Bulk or sachet, what is the best way to consume tea and herbal teas? Medisite’s editorial staff has looked into the matter and helps you see things more clearly with a plant specialist and the latest scientific data on the subject.
A Canadian study published in 2019 in the journal ACS Environmental Sciences & Technology revealed that it some tea bags that are immersed in boiling water could release microparticles of plastic during infusion, which we then ingest while sipping the drink. The affected sachets are produced with nylon or polyethylene terephthalate (PET) and are used by many industrial manufacturers. In general, they are pyramid-shaped and slightly shiny white sachets. The scientists specifically noted that each test cup where a single sachet steeped for five minutes at 95°C contained between 13 and 16 micrograms of plastic, or astronomical quantities according to them. “Table salt, for example, has been shown to contain around 0.005 micrograms of plastic per gram,” explained Nathalie Tufenkji, lead author of the study.
But for now, scientists do not know what the risks are for the body. “We have few data on human exposure to nanoplastics and their potential toxicity. We cannot therefore to date predict the risks of their consumption for human health ”, they specified.
A point also underlined by the herbalist Myriam Amchikak who specifies that “the hotter the water, the more plastic microparticles or pesticides are released into it”. Most commercial sachets are affected, “even when labeled organic”. These bags may also contain heavy metals and chemicals “which become harmful to health after a certain time”.
Herbal tea: loose plants are of better quality
While most tea bags sold in stores are unhealthy, the plants found there are generally of lower quality as well. “He is difficult to know exactly the contents of his herbal tea bag, and it sometimes happens that they are designed with leftover leaves, without any nutrients, or with plant debris, without whole leaves so that it spreads better through the paper. It’s called dust, which strongly alters the quality and taste of tea and herbal teas”, points out the herbalist Myriam Amchikak.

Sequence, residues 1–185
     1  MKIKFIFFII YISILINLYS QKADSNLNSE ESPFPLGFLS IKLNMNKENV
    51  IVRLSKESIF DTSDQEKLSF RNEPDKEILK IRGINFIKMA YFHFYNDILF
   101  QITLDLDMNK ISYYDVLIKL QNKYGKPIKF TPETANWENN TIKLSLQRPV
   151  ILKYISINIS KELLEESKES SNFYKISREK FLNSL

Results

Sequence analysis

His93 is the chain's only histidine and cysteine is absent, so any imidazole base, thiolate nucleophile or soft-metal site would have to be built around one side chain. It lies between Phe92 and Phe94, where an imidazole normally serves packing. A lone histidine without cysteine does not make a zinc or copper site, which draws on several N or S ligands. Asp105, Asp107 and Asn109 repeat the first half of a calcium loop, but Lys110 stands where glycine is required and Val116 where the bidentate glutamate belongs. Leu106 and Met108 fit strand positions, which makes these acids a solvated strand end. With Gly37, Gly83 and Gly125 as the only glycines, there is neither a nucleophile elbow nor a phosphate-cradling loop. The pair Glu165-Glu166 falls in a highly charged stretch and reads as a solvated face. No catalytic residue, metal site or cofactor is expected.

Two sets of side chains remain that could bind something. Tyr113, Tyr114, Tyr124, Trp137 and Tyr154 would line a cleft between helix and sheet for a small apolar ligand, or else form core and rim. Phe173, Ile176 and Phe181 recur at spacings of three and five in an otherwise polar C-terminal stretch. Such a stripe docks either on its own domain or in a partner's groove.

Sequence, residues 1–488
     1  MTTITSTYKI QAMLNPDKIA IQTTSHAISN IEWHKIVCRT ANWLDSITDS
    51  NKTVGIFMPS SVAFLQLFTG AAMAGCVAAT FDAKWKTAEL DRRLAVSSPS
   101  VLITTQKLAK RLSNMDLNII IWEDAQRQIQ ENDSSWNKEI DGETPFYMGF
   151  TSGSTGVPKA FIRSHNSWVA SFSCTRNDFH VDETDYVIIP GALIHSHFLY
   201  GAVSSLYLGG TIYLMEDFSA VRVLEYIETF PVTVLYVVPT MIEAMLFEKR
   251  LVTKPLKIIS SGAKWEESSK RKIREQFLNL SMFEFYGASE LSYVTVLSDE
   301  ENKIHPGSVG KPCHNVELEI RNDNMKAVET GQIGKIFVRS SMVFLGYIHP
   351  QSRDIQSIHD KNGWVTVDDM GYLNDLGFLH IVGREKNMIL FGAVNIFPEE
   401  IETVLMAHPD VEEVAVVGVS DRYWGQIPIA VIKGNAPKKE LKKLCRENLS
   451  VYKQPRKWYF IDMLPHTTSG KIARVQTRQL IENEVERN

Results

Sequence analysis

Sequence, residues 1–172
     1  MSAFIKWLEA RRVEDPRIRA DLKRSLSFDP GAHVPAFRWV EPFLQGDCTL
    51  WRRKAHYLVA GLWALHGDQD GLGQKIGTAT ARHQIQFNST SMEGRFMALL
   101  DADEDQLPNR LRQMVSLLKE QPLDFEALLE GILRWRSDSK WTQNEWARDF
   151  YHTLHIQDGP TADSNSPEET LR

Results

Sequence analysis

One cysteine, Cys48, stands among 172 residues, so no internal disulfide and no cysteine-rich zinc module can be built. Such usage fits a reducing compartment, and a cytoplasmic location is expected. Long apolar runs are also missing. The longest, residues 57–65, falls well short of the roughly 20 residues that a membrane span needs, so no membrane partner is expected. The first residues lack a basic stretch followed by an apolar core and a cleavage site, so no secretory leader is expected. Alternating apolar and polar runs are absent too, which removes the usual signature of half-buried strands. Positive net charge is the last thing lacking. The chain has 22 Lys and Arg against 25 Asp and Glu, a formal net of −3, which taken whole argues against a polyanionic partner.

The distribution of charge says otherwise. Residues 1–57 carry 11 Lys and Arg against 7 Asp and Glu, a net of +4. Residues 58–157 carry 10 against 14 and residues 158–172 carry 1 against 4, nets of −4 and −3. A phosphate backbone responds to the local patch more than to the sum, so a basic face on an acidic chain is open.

Infusion: loose plants are richer in nutrients
Conversely, the specialist praises loose plants, whose leaves “are often better qualities than those contained in the sachets because they are not chopped or broken”. This allows the plants to retain all their flavors and be very aromatic. “Bulk herbal teas are more indulgent with fresh herbs full of flavor. When they are not contained in a small bag, the leaves are whole and they have more room to infuse, so we obtain more minerals, vitamins or antioxidants than with herbal teabags.”
Bulk: an economical and ecological solution
Another advantage of choosing plants in bulk to consume infusions: its lower impact on the environment. “We limit packaging and individual bags and therefore produce less waste”, argues the herbalist Myriam Amchikak. “When you’ve finished your loose leaf tea or herbal tea, you can make compost, for example, without feeling guilty about using disposable bags all day long.”
Bulk plants keep longer
“We do not pay for packaging and packaging that can raise prices.” In addition, a sachet of plants in bulk makes it possible to make more herbal teas than with a box of sachets, traditionally sold. So if at the time of purchase, the price is sometimes higher due to the quality of the ingredients, it balances out “because we reduce purchases over time”. Finally, “the whole bulk plants can be stored for about a year unlike plants in infusettes with an expiry date”.
If despite these reasons, you prefer to keep the traditional tea bags, the herbalist advises to avoid “paper bags bleached with chlorine, or closed with staples or glue”, for prefer silk muslin bags.